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Under New Leadership, Merge’s Revenue Continue to Slide

November 1, 2013
by Gabriel Perna
| Reprints

Merge Healthcare, the Chicago-based imaging informatics software provider, continues to struggle, posting less-than-stellar financials in the first quarter under its new regime.

The company went through a transitional period in the second quarter of 2013, when CEO Jeffery Surges resigned following a disappointing financial performance in its second quarter. Justin Dearborn was promoted shortly thereafter. In addition, on Aug. 26, the company announced that Michael W. Ferro, Jr. had resigned as chairman of the board and as a director, effective immediately.  

In Dearborn’s first quarter as CEO, Merge’s sales decreased to $57.2 million from $60.4 million ($61.0 million on a pro forma basis) in the third quarter of 2012. Its revenue was $57.2 million in the second quarter of 2013 as well. 

In an earnings call with investors and analysts, Dearborn said the company witnessed spending delays in both ambulatory and acute or hospital settings. He attributed the hesitation in spending to several external pressures, such as the federal budget sequester and regulatory mandates such as the conversion from ICD-9 to ICD-10 and meaningful use Stage 2, which have “focused technology investments in core hospital information systems and revenue cycle management and not in other important but not mandated projects.”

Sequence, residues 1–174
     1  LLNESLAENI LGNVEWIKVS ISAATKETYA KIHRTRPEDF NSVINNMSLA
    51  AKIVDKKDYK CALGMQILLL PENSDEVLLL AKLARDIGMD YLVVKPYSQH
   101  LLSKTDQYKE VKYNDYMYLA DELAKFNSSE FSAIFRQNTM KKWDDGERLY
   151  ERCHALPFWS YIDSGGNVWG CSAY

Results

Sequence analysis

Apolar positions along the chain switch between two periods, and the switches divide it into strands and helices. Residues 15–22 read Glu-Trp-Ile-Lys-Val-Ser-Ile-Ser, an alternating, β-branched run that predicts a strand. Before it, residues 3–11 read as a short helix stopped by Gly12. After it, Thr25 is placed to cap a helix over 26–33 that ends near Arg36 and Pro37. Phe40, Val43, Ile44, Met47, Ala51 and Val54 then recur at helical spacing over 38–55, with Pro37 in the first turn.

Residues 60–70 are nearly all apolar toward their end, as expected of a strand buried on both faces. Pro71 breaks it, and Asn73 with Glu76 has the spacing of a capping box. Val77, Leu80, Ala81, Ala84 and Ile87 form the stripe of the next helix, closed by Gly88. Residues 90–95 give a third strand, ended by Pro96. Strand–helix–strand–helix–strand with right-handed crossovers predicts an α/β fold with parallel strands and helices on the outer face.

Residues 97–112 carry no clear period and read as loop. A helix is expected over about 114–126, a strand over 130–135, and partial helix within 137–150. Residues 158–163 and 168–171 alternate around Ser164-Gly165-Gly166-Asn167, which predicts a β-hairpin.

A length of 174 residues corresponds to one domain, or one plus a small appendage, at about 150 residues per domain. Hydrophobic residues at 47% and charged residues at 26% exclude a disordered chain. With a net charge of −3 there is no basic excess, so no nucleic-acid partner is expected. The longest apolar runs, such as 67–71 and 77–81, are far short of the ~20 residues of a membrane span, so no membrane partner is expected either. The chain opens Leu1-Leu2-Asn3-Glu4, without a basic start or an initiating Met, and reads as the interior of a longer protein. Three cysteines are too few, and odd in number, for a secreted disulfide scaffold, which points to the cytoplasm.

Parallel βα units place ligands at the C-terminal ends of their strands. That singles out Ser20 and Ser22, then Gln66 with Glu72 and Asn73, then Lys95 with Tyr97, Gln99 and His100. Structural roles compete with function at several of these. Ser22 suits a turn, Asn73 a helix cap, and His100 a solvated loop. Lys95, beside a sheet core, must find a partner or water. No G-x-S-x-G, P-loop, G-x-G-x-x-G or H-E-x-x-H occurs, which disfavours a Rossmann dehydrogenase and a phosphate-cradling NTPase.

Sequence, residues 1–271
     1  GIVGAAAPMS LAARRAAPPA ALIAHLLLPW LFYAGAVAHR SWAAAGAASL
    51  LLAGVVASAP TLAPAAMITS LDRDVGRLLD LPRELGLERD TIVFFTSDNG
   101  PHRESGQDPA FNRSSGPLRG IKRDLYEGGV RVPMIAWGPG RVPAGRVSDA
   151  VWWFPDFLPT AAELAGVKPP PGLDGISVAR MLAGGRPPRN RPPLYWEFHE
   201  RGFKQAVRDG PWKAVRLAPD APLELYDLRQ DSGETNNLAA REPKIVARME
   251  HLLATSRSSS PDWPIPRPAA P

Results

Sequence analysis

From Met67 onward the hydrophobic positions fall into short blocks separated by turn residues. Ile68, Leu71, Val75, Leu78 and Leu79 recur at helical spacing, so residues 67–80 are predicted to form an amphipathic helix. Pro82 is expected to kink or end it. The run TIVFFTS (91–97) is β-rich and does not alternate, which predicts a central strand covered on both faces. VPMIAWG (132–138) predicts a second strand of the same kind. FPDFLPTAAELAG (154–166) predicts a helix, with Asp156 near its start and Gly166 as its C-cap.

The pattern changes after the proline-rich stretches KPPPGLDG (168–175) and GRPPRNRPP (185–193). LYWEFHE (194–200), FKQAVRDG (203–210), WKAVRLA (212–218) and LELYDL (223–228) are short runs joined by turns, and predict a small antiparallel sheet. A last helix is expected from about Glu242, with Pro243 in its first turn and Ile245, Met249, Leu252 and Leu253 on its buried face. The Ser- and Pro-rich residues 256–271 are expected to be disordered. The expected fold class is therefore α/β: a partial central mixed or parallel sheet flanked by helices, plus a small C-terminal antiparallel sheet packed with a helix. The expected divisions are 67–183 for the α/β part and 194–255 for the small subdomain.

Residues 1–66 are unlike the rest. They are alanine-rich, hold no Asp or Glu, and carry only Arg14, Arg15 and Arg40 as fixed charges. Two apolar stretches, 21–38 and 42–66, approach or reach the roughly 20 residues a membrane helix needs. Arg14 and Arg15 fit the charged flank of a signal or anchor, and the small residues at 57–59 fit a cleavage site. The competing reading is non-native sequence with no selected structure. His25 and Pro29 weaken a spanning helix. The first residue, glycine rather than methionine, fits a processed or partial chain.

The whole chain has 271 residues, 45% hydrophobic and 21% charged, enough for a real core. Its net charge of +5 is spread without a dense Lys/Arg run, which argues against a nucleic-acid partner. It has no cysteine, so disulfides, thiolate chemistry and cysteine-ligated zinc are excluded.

It wasn’t all negative for Merge, however. The company saw three particular areas of encouragement: growth in its eClinical business, a large contract with a radiology ambulatory practice located in San Diego, and within the cardiology segment.  The eClinical backlog increased $29.5 million (127%) to $52.8 million in the third quarter of 2013, from $23.3 million in the third quarter of 2012.

In an exclusive with Healthcare Informatics back in August, senior vice president and chief product officer of Merge, Steven Tolle spoke of the company’s prospects. He said the company was bullish on its opportunities in relation to meaningful use and interoperability.

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